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Do Folic Acid Supplements Cause Breast Cancer in Humans?

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Doctors at St. Michael’s Hospital in Toronto gave rats supplements of folic acid before conception, during pregnancy and while breast feeding and discovered that the daughters of those rats had a breast cancer rate almost twice as high as rats that were born to mothers who didn’t have the supplement. They also had more tumors that spread at a faster rate than other rats.

Although this doesn’t mean anything for humans – rats are too different to apply the findings to the human species – it does mean that further research in humans needs to be done to see if a similar result occurs.

Women are advised to take a folic acid supplement from three months before conception and during pregnancy to prevent neural tube defects in the baby, such as spina bifida and anencephaly.

However, in recent years the amount of folic acid that women are exposed to has increased dramatically as it is added to foods such as fortified breakfast cereals, white flour, bread and enriched pasta to ensure that women receive enough of the B vitamin. With these in their diet, taking the supplement may be too much of a good thing?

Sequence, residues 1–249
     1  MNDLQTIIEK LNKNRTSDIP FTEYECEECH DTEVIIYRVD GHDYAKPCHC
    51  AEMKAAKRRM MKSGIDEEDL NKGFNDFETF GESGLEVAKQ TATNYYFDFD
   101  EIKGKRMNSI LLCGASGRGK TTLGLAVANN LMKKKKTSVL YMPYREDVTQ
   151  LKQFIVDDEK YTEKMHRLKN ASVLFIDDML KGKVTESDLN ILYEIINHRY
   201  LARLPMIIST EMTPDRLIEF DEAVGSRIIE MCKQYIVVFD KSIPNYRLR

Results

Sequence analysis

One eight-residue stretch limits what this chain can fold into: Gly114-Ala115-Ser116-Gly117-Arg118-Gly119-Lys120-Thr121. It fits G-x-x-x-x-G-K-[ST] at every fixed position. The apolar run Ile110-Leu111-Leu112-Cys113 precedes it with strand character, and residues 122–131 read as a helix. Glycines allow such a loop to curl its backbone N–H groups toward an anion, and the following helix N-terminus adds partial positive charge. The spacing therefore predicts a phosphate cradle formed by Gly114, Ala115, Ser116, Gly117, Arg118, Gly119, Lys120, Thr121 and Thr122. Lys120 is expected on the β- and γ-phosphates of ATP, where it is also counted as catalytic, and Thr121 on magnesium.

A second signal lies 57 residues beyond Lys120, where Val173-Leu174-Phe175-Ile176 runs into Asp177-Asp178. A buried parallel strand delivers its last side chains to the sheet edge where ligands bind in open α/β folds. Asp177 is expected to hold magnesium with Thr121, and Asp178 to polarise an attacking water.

In addition to high concentrations of folic acid being present in food, up to 40 percent of North American’s take a folic acid supplement regularly for health benefits such as anti-aging or as part of their multi-vitamin supplement. While folic acid is good for you and is necessary for human health, there is a growing body of evidence that shows very high levels of folate that are contained in artificial supplements may cause some cancers.

Dr. Young-in Kim headed the study and divided the rats up into two groups. One group was given folic acid supplements equivalent to what pregnant women in North America are given, in addition to the mandatory fortification of some foods. They were given the supplements from three weeks before mating and throughout pregnancy and lactation. After weaning, half the female pups were given the same amount of folic acid as their mothers.

Both the rats whose mothers took folic acid supplements and those who ate a folic acid supplemented diet had a two fold increase in mammary tumors than the control group.

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We value and respect our HERWriters' experiences, but everyone is different. Many of our writers are speaking from personal experience, and what's worked for them may not work for you. Their articles are not a substitute for medical advice, although we hope you can gain knowledge from their insight.

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